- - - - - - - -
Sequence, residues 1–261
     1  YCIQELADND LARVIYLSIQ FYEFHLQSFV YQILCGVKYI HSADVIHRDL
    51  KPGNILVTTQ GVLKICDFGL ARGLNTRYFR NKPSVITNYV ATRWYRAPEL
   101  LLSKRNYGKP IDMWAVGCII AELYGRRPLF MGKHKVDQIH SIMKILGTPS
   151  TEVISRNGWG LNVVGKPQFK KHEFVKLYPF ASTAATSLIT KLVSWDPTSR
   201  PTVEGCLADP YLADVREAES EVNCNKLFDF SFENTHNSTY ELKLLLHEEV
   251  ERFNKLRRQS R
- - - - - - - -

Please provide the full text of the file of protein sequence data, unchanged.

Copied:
Sequence, residues 1–261
     1  YCIQELADND LARVIYLSIQ FYEFHLQSFV YQILCGVKYI HSADVIHRDL
    51  KPGNILVTTQ GVLKICDFGL ARGLNTRYFR NKPSVITNYV ATRWYRAPEL
   101  LLSKRNYGKP IDMWAVGCII AELYGRRPLF MGKHKVDQIH SIMKILGTPS
   151  TEVISRNGWG LNVVGKPQFK KHEFVKLYPF ASTAATSLIT KLVSWDPTSR
   201  PTVEGCLADP YLADVREAES EVNCNKLFDF SFENTHNSTY ELKLLLHEEV
   251  ERFNKLRRQS R